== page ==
If a weak believer identifies himself, or if specific clues make the presence of one a distinct possibility, then immediate restraint is necessary. It is not always necessary that we limit our liberty. We must use wisdom.

5. Follow the example of Christ - self-sacrifice for the benefit of the one loved.

Romans 15:1 (NKJV) We then who are strong ought to bear with the scruples of the weak, and not to please ourselves.

This verse is a summary of chapter 14 and is addressed to the strong. The obligation is on the strong, they are responsible for unity. He doesn't say that the weak should reflect on the load which they are imposing on others, for if they had the power to reflect, they wouldn't be weak. The strong are obligated to make changes for the weak, the weak can't make the changes because to them the liberties of the strong are sin. The strong must make the adjustments the weak cannot.

The word "scruples" used here is from the Greek word asthenema. It is used of physical or mental weakness. The word "ought" is from the Greek word opheilo, which means: "to be a debtor, to be under obligation, bound by duty." It's a strong verb, it means we owe as a debt. We who are strong are obligated to bear the weakness of the weak. The word "bear" is from the Greek bastazo. It is used 25 times in the New Testament. It's not the idea of "bear with", "endure" or "put up with" their weakness, but the word means: "to get under and carry the load, shouldering the burden". This word is used of: carrying a water jar, stretcher, stones, yoke, man and woman. So it means: "to shoulder a burden". The point is, you don't just bear with them in some sort of intolerant tolerance, but you get under the load and help them in their weakness. How do we do this? When a strong believer foregoes an action which he knows is right, but which a weak believer thinks is wrong, and he does it for the sake of not hurting that weaker believer, he limits his own freedom of action, denies himself something that is legitimately his. This is bearing the burden of the weak. We are to do this until they grow to understand their freedom.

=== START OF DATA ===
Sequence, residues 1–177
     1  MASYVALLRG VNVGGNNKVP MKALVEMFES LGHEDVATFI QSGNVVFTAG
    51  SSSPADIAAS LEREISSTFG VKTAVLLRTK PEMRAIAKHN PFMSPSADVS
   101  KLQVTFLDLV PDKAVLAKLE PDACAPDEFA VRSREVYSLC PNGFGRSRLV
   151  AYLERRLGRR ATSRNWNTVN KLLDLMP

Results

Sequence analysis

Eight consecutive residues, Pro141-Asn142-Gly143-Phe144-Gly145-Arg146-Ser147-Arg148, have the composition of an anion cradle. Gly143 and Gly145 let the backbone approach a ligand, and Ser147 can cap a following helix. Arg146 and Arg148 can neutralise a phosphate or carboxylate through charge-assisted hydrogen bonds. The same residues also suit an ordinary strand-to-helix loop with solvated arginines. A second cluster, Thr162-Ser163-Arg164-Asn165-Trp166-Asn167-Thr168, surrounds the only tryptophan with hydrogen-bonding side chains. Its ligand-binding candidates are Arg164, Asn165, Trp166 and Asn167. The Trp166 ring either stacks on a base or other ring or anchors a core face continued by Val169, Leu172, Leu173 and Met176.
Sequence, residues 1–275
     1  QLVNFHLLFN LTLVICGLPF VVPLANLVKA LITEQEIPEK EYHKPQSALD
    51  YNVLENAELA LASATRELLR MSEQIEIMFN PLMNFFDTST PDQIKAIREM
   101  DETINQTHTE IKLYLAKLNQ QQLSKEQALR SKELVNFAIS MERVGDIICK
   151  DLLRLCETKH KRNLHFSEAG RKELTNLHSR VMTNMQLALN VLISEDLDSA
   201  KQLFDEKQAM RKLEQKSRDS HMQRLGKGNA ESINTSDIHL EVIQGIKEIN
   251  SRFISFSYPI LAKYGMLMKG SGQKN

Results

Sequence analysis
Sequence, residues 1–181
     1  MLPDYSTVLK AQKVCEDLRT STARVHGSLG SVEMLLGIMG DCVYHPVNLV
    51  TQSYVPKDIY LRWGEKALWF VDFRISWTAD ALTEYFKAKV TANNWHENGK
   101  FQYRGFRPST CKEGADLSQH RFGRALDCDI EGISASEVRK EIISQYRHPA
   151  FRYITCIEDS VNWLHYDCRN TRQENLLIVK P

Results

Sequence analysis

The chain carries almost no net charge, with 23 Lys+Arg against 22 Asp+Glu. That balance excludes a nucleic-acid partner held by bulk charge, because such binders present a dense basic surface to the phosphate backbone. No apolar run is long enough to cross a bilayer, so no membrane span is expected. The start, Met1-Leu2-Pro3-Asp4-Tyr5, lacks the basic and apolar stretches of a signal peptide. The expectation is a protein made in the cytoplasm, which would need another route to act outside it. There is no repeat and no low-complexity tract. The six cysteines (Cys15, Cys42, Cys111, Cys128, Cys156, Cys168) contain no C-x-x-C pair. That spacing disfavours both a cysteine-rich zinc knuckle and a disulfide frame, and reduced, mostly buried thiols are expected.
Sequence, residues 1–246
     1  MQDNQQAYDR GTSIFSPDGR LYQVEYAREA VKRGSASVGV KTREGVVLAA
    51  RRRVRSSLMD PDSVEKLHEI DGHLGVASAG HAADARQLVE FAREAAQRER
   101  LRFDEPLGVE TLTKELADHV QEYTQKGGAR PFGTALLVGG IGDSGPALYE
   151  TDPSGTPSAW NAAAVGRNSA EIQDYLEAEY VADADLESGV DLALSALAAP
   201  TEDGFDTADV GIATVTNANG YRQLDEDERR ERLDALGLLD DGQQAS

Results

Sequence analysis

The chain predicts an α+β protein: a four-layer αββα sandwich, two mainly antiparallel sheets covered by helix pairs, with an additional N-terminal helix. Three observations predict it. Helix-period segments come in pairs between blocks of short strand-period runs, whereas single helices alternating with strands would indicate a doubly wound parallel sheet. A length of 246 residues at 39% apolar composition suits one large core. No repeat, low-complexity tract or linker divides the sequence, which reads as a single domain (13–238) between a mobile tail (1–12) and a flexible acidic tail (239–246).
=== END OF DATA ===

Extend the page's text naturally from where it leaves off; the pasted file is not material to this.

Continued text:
1 Corinthians 9:22 (NKJV) to the weak I became as weak, that I might win the weak. I have become all things to all men, that I might by all means save some.

This is the same principle. We are to get under the load of the weak, helping them carry it until they're free to drop it.

The normal course of humanity is that the strong use their strength as a means of easing their burdens and making the weak bear them as well as their own. We're to be different!